Reconstructive plastic surgery is much different than cosmetic plastic surgery. Cosmetic procedures are usually done to change or improve appearance. Reconstructive procedures are done for medical reasons.
Reconstructive surgeons repair severe wounds caused by accident, burn or other trauma. Wounds often are large, jagged or missing skin tissue. Surgeons also correct birth defects, such as cleft lip, and defects caused by disease. These are conditions that cause pain, loss of function or movement and disfigurement.
“Reconstructive procedures are more complex than cosmetic surgeries and take more time to heal,” says Salvatore Pacella, MD, a board-certified plastic surgeon and division head of plastic and reconstructive surgery at Scripps Clinic.
“The primary goal of reconstructive plastic surgeons is to help patients return their bodies to optimal form and function,” he says.
Health plans usually cover reconstructive procedures that are medically necessary. Most plans do not cover procedures done purely for cosmetic reasons.
Reconstructive surgery procedures often involve muscles, bones, nerves, tendons, ligaments and other tissues. Procedures are based on type and severity of the wound, including surgical wounds.
Skin grafts take tissue from one part of the body and suture it over the wound. They are often used for burn patients. Generally, skin is taken from an area that is typically hidden by clothing.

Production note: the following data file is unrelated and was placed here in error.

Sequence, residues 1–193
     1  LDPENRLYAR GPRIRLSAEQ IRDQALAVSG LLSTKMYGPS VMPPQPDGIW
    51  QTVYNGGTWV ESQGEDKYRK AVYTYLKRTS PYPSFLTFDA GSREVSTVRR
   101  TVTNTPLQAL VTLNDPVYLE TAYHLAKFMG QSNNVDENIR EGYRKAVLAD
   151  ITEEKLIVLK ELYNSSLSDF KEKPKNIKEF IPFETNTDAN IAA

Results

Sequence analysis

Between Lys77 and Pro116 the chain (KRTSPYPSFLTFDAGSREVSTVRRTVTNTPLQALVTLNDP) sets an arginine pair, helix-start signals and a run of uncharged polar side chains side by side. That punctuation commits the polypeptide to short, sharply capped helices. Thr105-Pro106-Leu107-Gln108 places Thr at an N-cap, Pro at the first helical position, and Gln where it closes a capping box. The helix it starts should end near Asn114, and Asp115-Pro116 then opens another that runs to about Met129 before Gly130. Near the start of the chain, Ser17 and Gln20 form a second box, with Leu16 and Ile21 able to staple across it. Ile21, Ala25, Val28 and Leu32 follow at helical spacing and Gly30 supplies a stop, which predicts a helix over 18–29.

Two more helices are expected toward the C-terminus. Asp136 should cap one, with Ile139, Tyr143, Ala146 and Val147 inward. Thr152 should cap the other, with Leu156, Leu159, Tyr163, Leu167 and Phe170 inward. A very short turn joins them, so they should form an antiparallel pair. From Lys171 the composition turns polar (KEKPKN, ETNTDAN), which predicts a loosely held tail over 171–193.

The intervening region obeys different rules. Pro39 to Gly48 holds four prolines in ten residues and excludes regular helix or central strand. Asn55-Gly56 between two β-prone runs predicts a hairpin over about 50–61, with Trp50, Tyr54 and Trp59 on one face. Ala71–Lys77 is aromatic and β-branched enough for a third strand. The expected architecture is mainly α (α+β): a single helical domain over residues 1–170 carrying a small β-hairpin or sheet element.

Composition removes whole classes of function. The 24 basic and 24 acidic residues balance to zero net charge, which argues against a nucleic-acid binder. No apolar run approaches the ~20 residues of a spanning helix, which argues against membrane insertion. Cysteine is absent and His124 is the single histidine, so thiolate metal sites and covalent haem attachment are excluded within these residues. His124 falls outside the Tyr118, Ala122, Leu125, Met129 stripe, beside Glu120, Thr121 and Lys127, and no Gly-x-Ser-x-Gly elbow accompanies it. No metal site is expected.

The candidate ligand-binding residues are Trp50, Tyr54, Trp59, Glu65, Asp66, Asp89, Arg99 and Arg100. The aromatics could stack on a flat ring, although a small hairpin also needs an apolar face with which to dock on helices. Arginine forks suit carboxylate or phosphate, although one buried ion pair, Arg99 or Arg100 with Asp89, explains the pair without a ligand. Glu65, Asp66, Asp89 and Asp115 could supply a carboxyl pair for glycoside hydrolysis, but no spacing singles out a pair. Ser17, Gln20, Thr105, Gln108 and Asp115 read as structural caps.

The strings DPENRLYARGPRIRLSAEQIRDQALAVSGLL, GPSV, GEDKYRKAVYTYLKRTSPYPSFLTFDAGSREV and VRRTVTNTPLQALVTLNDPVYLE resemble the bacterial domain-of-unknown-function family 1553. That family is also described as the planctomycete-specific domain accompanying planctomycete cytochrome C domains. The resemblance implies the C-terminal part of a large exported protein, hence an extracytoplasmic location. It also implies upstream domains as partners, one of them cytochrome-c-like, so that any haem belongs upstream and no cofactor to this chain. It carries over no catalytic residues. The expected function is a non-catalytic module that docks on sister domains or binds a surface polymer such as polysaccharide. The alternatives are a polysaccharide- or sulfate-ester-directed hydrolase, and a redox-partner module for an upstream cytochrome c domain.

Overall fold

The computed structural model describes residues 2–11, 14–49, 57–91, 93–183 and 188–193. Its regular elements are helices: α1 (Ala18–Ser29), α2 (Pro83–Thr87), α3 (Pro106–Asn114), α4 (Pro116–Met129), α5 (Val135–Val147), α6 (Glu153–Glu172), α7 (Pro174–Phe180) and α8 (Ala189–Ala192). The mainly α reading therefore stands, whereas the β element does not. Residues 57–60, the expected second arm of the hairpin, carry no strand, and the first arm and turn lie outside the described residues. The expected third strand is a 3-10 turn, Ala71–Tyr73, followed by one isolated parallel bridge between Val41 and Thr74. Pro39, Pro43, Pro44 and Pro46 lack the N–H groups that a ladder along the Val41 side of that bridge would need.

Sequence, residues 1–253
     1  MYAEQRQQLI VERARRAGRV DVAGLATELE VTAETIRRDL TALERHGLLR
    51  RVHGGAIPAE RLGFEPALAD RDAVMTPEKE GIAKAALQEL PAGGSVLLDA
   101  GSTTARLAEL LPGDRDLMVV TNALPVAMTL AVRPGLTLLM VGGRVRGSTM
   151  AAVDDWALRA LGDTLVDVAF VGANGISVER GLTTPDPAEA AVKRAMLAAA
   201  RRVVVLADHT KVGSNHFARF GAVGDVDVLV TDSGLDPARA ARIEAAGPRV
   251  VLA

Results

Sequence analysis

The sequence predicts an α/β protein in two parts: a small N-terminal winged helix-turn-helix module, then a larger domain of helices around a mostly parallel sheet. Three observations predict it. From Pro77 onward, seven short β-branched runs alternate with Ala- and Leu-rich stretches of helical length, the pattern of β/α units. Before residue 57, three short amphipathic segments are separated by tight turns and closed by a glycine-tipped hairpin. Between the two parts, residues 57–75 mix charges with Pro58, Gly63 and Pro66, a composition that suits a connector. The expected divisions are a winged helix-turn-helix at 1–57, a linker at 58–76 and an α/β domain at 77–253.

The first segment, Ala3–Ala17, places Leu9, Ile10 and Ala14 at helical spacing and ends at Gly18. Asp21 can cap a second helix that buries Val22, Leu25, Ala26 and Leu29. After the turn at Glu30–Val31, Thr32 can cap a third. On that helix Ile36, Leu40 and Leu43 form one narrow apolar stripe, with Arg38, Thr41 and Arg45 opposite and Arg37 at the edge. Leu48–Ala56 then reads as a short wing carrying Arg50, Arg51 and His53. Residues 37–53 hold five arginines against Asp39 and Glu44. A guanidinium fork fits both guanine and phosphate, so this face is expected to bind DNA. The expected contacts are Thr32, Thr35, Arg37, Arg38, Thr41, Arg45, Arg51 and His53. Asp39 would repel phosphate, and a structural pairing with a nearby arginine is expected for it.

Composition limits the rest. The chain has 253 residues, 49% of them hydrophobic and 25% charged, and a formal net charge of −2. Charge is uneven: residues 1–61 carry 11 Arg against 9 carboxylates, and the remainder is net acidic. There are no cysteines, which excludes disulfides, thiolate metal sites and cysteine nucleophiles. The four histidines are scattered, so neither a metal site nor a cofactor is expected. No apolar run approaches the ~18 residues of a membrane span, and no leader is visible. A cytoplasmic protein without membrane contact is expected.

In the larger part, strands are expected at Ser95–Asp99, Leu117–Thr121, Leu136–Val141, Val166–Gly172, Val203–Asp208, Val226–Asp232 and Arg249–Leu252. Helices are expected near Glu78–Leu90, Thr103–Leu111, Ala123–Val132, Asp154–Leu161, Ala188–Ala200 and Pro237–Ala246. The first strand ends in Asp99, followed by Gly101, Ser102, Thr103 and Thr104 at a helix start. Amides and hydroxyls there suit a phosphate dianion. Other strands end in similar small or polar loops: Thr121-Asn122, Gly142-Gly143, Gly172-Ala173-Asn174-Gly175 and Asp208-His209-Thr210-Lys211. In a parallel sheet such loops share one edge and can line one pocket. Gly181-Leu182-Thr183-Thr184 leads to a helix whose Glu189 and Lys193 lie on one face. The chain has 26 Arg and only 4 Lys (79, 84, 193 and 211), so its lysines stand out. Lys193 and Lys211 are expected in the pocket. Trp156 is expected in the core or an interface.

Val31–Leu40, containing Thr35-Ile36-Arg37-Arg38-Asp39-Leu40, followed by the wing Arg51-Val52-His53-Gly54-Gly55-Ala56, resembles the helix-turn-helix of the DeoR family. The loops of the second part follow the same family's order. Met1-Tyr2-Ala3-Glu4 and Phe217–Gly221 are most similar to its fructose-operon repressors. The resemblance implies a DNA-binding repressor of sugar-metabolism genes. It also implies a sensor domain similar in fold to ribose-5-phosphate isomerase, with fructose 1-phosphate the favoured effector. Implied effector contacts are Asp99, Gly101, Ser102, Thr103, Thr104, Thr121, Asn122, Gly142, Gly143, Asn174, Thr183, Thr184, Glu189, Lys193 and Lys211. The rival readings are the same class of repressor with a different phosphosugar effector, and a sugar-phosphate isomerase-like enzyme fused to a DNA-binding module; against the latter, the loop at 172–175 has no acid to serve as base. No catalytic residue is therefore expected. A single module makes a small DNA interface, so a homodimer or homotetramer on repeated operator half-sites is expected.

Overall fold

Recovery can range from three weeks to a couple of months, depending on the type of wound and skin graft.
Skin cancer removal and reconstructive procedures are often done in sequence. Mohs skin cancer surgery is effective for larger forms of skin cancer. Reconstructive surgery repairs the wound and improves the appearance of the skin cancer treatment area.
“Many times, a reconstructive plastic surgeon can manipulate soft tissue in a geometric way to close the wound. This solution is called a flap and is very common after Mohs Surgery,” Dr. Pacella says.
Microsurgery is used to repair nerves and blood vessels. It involves transplanting skin, muscle or bone from one area of the body to another. It is commonly done for breast reconstruction, jaw recreation and to improve movement and function of severely disabled extremities.
Deep inferior epigastric perforator (DIEP) is a type of breast reconstructive surgery, done to restore one or both breasts to a more natural shape and appearance. In a DIEP flap procedure, fat from the abdomen is used to reconstruct breast tissue after surgery to treat or prevent breast cancer.
In very large wounds, skin can be grown through a process called tissue expansion and used for replacement of damaged skin. It is often used in breast reconstruction.
A balloon expander gradually stretches the skin, and the extra tissue is used for the procedure. Tissue expansion requires patience as it can take a couple of months to complete.